Random (but not really)

Thursday, December 23, 2021

The Books of 2021: Romances

I read a lot of romance this year, because I desperately needed the HEA to help me escape reality. Although I did nothing but reread for seemingly four months, I did squeeze in some new and new-to-me books.

 

The Charm Offensive

The Charm Offensive (2021) Alison Cochrun  9/10

Contemporary, LGBT, Closed Door

I initially didn’t want to read this. I mean: reality TV dating show? Ew.

But It kept popping up as something I’d like, and so I decided to borrow it from the library. Then I all but devoured it in one sitting when it came in. Now I own it and have been holding off rereading, because it’s only been, like a month.

Charlie is a disaster. A famous disaster. After getting fired from the company he founded, he is in desperate need of an image rehabilitation.

Dev wants to call bullshit. A reputation of being difficult isn’t enough to blacklist you from any industry when you’re as white and male and traditionally handsome as Charlie, not to mention a certifiable genius.

And for some reason his PA and best friend thinks a reality dating show will do the trick.

“I have only drunkenly proposed to you twice, and I assumed you rejected my offers of a marriage of convenience because you intend to fall madly in love with a former Miss Alabama.”

“That… will not happen.”

“Because there is no former Miss Alabama on this season? Seems unlikely.”

This book ends up dealing with so many important subjects, from asexuality to mental health to casual homophobia and just how awful the TV industry can be.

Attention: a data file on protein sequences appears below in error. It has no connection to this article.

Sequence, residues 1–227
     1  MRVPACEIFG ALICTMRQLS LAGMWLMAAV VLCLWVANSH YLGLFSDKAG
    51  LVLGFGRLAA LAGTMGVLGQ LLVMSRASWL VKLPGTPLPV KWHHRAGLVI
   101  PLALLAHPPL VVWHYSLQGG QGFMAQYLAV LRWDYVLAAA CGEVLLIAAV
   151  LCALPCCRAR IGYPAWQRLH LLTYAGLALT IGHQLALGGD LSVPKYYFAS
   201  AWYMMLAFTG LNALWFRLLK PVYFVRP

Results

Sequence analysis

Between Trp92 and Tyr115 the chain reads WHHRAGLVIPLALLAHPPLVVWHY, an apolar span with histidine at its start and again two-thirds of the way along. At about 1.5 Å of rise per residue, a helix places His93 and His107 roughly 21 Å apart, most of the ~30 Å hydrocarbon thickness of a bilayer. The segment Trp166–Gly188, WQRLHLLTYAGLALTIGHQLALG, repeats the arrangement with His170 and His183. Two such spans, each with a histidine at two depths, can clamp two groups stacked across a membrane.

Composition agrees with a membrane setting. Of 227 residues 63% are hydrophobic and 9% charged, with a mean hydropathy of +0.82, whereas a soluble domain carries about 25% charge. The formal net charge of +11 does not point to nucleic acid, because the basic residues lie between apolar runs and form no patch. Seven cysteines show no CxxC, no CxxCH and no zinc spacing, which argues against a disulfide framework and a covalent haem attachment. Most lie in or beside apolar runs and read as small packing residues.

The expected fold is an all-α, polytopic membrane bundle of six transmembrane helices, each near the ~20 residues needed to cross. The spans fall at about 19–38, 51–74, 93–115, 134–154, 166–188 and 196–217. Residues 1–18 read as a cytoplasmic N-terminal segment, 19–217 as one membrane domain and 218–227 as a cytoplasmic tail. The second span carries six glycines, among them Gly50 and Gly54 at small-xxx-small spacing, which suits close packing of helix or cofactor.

It’s sweet, it’s affirming, and it was one of my favorite books of the year.

 

Best Laid PlansGarnet Run series by Roan Parrish : Best Laid Plans (2021) 8/10, The Lights on Knockbridge Lane (2021) 8/10

Contemporary, LGBT, Boinking

When I read Better than People last year, it was just what I needed. So I had high hopes for the rest of the series.

Best Laid Plans is Jack’s brother)’s romance. Charlie gave up his dreams to raise Jack after their parents died, and he ended up making a small success of the family business and generally being nearly everyone’s favorite person.

Rye is a mess, and when he inherits a house from a grandfather he never knew, he packs everything up and moves to Garnet Run. This does not seem to be a good decision.

“You need any help with…” Charlie gestured at the hardware equivalent to marshmallows, cheese, and spaghetti before him.

Like all Roan Parrish books, this is a good deal of focus on mental health, with it being treated as something that is simply a part of being alive. Although it can be read as a stand alone, the glimpses of Charlie you got in Jack’s book make the story all more poignant. It’s really just lovely.